The people said they want more demo's of the Lightning Boy II. To make the experience easy, I have a youtube playlist going that I will continually update with more videos as they come out. Here it is:
I've been getting a good number of requests for LBA to do more demos of the Lightning Boy II. I'll start by saying more are on the way, but here's something new for right now. Recommended to watch with headphones on or some good speakers.
I spent the past week building this custom stereo passive inductor EQ for a customer named, Dave Grundy. I think its obvious how the name, Grundy Q came to be. Dave wanted an EQ for his home hi-fi stereo, but he also wanted to be able to use it with his home recording setup. I designed the EQ to have useful frequencies for home room acoustics with a stereo hi-fi system in mind. Balancing that with usability in the studio world required some careful thought into what frequencies would be best. Budget and ease of use were both important factors in the design. Dave will be the first to tell you he doesn't have a lot of experience with equalizers, so I did my best to make it a no-brainer when it comes to practical use. Set the knobs at 12:00 and the EQ has a flat response from 20Hz-25kHz. The bass, mid, and treble knobs can boost or cut. Bass has selection of 20Hz, 40Hz, and 60Hz. I chose those frequencies because I know many speakers lack those deep tones. With boosting 20Hz on the EQ its like adding a subwoofer to your room. In mixing, I tend to gravitate to 60Hz for boosting bass guitar or kick drum. The mid section has choices of 300Hz, 500Hz, 700Hz. I feel these frequencies are general areas of mud in both mixes and in room acoustics. I would probably cut somewhere around 700Hz for my own living room, but if I were using the EQ to mix bass or kick I might boost 300Hz a tad. The treble is 10kHz or 20kHz. I felt 10k is a pretty standard high frequency control to have. Boosting 20kHz on this EQ adds a nice bit of air to anything. Each channel has a bypass switch on the top (near the center vacuum tube). There is a front panel switch (center) to choose unbalanced RCA ins/outs or balanced XLR ins/outs.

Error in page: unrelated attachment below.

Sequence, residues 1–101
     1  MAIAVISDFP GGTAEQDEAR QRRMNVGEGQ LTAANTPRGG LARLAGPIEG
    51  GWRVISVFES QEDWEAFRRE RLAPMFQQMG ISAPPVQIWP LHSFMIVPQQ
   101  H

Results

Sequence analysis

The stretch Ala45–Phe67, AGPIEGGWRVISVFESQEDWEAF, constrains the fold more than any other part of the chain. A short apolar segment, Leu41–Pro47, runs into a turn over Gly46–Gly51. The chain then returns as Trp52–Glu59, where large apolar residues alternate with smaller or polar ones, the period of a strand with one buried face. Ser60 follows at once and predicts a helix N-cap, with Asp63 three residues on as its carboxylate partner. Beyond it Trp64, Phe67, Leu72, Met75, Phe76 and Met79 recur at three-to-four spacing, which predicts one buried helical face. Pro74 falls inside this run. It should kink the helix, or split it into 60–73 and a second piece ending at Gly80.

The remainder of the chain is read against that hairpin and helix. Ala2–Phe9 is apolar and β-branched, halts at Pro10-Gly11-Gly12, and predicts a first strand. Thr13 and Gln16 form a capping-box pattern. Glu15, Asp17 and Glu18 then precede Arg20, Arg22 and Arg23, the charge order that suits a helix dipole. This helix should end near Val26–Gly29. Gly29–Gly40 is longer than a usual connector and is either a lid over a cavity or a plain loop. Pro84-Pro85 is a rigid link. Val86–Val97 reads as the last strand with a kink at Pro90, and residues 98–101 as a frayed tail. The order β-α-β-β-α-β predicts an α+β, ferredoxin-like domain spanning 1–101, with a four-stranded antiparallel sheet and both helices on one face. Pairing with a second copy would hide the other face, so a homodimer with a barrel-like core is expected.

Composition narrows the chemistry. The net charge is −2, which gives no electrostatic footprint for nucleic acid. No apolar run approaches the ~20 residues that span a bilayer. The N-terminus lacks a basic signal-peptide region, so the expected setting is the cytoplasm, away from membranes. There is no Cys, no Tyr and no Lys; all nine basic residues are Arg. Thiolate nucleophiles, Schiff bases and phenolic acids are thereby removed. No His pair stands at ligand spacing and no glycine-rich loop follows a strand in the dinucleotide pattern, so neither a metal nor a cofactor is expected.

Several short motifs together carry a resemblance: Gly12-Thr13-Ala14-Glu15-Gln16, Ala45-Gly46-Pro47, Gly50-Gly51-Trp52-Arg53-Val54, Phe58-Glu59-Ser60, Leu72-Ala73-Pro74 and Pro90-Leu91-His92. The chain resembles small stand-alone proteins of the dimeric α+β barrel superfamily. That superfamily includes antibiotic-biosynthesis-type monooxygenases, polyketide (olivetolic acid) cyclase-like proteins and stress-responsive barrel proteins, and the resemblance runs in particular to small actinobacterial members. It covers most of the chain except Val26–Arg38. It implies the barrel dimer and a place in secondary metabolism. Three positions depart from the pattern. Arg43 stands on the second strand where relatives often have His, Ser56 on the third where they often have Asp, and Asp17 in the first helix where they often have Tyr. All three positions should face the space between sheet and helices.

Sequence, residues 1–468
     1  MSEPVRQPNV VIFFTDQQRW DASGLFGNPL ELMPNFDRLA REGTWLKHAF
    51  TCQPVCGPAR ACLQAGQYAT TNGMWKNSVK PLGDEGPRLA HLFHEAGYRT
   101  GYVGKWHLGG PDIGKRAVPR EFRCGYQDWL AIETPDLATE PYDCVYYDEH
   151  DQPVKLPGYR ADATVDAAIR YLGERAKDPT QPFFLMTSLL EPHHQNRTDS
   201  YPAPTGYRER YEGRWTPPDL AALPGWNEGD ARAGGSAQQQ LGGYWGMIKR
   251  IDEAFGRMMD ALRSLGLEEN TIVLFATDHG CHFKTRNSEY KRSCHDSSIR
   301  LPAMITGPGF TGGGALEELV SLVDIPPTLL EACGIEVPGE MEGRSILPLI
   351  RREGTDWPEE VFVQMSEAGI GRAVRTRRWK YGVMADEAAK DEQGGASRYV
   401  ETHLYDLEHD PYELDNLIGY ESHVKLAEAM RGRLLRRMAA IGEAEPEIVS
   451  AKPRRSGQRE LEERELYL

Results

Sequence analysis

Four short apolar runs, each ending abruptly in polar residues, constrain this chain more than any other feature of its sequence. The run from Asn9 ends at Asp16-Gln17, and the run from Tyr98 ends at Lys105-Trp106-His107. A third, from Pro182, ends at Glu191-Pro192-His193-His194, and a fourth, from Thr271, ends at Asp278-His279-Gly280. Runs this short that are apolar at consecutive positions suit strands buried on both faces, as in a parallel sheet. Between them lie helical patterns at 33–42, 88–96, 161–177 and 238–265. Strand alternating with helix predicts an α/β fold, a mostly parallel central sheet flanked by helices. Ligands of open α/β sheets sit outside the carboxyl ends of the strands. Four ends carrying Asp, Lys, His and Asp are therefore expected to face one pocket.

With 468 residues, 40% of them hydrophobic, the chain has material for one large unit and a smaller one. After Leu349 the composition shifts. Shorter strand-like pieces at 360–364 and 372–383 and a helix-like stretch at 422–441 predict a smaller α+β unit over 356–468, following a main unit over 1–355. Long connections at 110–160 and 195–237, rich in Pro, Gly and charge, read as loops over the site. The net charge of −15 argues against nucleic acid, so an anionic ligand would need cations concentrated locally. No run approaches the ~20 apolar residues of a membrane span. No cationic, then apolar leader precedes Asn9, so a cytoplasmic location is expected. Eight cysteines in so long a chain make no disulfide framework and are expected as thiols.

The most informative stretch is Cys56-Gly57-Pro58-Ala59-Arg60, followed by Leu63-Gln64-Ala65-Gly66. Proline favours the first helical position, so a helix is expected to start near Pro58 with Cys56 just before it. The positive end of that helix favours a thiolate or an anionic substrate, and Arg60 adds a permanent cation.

The Grundy Q tube compliment is a pair of 6922/6DJ8 dual triodes, a pair of EF806S pentodes, and a 12AU7 dual triode. 295v B+ for loads of sexy headroom. Only the highest quality parts throughout and of course, its wired point to point.
Overall, I'm super pleased with the results of this EQ. It sounds incredible and delivers useful control over frequencies in an easy to use package. Its flexible in operation, offers super low noise (which I'm all about), and sounds fantastic! I'm seriously considering offering something based on this as a product in the future. Unfortunately, that will probably be a long way off. My to-do list is long. As with anything, it comes down to time and money. Hopefully I can afford to bring something like this to market in the coming years.
Noise is -110dB A weighted. The EQ can boost your signal by about 6dB over unity. THD is 0.125%
About the Author
Mike Congilosi II, Owner/Designer/Electronics Engineer at Lightning Boy Audio and Owner/Audio Engineer/Music Producer at LBA Studios.